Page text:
Lifetime, 5-year and past-year prevalence of homelessness in Europe: a cross-national survey in eight European nations
SourceBMJ Open, 9, 11, (2019), pp. e033237
Article / Letter to editor
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Primary and Community Care
SubjectRadboudumc 18: Healthcare improvement science RIHS: Radboud Institute for Health Sciences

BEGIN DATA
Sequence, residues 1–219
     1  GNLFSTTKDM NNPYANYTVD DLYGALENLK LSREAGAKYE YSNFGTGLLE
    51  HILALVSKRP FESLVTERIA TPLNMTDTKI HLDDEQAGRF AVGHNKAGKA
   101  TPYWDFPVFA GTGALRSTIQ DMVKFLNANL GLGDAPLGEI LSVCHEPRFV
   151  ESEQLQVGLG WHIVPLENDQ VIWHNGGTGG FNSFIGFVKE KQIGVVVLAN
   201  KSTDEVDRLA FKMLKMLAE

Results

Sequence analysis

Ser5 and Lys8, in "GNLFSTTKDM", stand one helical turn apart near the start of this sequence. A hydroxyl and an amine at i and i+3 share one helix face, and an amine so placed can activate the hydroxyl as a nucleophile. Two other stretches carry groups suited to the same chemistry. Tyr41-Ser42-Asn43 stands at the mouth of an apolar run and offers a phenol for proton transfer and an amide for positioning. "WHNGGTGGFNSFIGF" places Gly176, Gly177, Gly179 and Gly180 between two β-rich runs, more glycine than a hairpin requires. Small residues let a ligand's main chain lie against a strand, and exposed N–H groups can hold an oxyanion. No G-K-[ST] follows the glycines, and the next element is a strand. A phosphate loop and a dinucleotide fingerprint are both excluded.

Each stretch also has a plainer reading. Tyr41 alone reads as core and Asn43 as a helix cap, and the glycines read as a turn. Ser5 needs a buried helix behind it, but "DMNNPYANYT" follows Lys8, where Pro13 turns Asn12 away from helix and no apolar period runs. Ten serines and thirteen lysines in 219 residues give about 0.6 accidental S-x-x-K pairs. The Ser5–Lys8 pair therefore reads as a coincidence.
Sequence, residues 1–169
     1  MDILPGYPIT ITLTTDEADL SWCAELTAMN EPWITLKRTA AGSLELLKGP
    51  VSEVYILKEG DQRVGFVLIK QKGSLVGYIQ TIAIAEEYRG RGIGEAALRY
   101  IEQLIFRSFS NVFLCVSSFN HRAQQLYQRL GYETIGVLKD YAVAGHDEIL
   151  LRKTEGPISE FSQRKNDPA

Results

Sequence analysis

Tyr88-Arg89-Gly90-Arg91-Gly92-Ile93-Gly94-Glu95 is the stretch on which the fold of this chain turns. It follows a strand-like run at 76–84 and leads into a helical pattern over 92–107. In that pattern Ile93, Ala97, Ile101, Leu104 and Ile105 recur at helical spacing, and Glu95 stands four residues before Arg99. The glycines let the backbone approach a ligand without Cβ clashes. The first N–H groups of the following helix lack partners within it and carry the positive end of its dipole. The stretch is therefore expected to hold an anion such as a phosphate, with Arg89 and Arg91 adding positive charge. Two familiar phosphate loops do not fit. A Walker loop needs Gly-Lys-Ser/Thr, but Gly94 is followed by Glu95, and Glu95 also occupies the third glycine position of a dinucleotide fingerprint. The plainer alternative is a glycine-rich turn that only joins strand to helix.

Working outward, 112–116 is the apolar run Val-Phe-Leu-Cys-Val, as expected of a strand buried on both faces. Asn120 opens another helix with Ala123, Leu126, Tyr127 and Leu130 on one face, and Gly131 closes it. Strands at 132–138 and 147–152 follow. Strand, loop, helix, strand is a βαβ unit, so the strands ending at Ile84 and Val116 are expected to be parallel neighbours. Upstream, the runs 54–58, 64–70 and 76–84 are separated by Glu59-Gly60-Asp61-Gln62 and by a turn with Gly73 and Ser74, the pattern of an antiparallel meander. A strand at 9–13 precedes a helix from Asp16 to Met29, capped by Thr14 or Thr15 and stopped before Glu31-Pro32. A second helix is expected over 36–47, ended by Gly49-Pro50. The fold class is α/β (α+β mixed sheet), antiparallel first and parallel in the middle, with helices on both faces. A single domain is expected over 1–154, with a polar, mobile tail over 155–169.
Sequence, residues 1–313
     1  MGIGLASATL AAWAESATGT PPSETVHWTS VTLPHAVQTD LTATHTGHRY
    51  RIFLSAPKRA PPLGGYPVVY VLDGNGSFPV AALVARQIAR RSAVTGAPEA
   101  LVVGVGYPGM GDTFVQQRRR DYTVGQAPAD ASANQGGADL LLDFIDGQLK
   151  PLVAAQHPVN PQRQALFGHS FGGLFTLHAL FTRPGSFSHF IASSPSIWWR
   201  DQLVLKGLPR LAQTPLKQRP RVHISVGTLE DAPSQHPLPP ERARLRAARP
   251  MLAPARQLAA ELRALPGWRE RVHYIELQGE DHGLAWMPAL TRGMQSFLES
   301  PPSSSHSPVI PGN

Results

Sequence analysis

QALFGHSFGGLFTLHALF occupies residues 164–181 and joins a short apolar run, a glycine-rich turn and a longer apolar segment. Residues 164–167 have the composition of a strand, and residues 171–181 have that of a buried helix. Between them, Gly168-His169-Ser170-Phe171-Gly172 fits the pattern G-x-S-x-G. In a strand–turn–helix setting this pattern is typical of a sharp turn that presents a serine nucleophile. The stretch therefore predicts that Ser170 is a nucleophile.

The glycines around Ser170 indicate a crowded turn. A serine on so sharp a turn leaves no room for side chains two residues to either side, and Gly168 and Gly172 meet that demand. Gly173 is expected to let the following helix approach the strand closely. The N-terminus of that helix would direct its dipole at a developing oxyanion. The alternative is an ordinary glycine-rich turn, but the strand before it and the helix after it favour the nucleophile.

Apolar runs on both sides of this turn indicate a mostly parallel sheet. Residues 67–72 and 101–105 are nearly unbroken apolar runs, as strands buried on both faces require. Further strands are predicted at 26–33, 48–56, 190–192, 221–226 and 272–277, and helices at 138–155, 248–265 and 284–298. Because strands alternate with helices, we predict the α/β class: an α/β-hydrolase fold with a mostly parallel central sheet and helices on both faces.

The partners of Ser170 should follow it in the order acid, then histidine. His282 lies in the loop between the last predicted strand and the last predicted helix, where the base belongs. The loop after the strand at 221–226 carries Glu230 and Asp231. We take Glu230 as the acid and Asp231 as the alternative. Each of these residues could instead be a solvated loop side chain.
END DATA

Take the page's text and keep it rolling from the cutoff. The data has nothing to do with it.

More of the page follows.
OBJECTIVES: To examine the lifetime, 5-year and past-year prevalence of homelessness among European citizens in eight European nations. DESIGN: A nationally representative telephone survey using trained bilingual interviewers and computer-assisted telephone interview software. SETTING: The study was conducted in France, Ireland, Italy, the Netherlands, Poland, Portugal, Spain and Sweden. PARTICIPANTS: European adult citizens, selected from opt-in panels from March to December 2017. Total desired sample size was 5600, with 700 per country. Expected response rates of approximately 30% led to initial sample sizes of 2500 per country. MAIN OUTCOME MEASURES: History of homelessness was assessed for lifetime, past 5 years and past year. Sociodemographic data were collected to assess correlates of homelessness prevalence using generalised linear models for clustered and weighted samples. RESULTS: Response rates ranged from 30.4% to 33.5% (n=5631). Homelessness prevalence was 4.96% for lifetime (95% CI 4.39% to 5.59%), 1.92% in the past 5 years (95% CI 1.57% to 2.33%) and 0.71% for the past year (95% CI 0.51% to 0.98%) and varied significantly between countries (pairwise comparison difference test, p<0.0001). Time spent homeless ranged between less than a week (21%) and more than a year (18%), with high contrasts between countries (p<0.0001). Male gender, age 45-54, lower secondary education, single status, unemployment and an urban environment were all independently strongly associated with lifetime homelessness (all OR >1.5). CONCLUSIONS: The prevalence of homelessness among the surveyed nations is significantly higher than might be expected from point-in-time and homeless service use statistics. There was substantial variation in estimated prevalence across the eight nations. Coupled with the well-established health impacts of homelessness, medical professionals need to be aware of the increased health risks of those with experience of homelessness. These findings support policies aiming to improve health services for people exposed to homelessness.
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